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Electrolytic Analog Transistor

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2 Author(s)
Letaw, Harry ; Electrical Engineering Research Laboratory, University of Illinois, Urbana, Illinois ; Bardeen, John

Your organization might have access to this article on the publisher's site. To check, click on this link:http://dx.doi.org/+10.1063/1.1721697 

The electrolytic analog transistor is an operating model of the junction transistor which substitutes the reduced and oxidized forms of ions in solution for electrons and holes in a semiconductor. A base electrode makes a low‐resistance contact to the solution and also serves to maintain the ratio of oxidized and reduced ions at an equilibrium value, thus establishing the potential of the solution. In P‐N‐P operation, a polarizable metal electrode (the emitter) is held at such a potential above the base electrode that the majority ions, the reduced form, are readily oxidized at its surface. An identical electrode, the collector, is placed within a few tenths of a millimeter of the emitter. It is biased in such a way that the minority ions (the oxidized form) which diffuse from the emitter to its surface are reduced. Utilizing several oxidation‐reduction couples and different base electrodes, it has been found that values of α = - (∂Ic/∂Ie)vc in the neighborhood of unity can be obtained. Because of the relatively low mobilities of ions in solution, the device operates only at low frequencies. The device may also have some application as a constant current element in transistor bias circuits.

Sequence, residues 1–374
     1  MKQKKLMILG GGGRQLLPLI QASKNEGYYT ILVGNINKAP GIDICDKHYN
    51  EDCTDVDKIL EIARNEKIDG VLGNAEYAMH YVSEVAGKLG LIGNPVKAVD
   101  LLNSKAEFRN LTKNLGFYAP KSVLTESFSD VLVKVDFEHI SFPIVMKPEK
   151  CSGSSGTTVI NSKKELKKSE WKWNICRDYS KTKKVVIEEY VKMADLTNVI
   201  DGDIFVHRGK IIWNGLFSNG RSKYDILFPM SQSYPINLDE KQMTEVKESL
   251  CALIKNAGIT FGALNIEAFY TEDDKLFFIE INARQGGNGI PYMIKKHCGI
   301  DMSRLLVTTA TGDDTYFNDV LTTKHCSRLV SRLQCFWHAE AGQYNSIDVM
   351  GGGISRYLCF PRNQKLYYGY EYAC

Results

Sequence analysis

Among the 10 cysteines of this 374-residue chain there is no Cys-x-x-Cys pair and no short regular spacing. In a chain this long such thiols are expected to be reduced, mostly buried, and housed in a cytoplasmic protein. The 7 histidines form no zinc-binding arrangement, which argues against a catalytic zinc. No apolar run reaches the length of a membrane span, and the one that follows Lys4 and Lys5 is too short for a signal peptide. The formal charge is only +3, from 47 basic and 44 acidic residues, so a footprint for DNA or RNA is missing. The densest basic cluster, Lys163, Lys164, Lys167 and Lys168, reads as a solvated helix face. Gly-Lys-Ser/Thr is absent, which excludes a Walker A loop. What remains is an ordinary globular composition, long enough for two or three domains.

Published in:

Journal of Applied Physics  (Volume:25 ,  Issue: 5 )

Date of Publication:

May 1954

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